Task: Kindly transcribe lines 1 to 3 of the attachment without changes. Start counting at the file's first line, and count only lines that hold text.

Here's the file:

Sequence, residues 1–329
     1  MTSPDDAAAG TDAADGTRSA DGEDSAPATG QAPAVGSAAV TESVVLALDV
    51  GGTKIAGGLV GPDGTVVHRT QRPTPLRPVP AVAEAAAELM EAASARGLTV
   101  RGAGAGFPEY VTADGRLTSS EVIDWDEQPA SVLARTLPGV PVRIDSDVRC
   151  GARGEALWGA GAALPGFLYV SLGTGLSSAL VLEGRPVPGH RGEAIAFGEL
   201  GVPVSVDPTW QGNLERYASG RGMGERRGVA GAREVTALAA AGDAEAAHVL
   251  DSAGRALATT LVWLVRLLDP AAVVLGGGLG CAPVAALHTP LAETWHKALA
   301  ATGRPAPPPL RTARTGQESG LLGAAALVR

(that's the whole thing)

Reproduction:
Sequence, residues 1–329
     1  MTSPDDAAAG TDAADGTRSA DGEDSAPATG QAPAVGSAAV TESVVLALDV
    51  GGTKIAGGLV GPDGTVVHRT QRPTPLRPVP AVAEAAAELM EAASARGLTV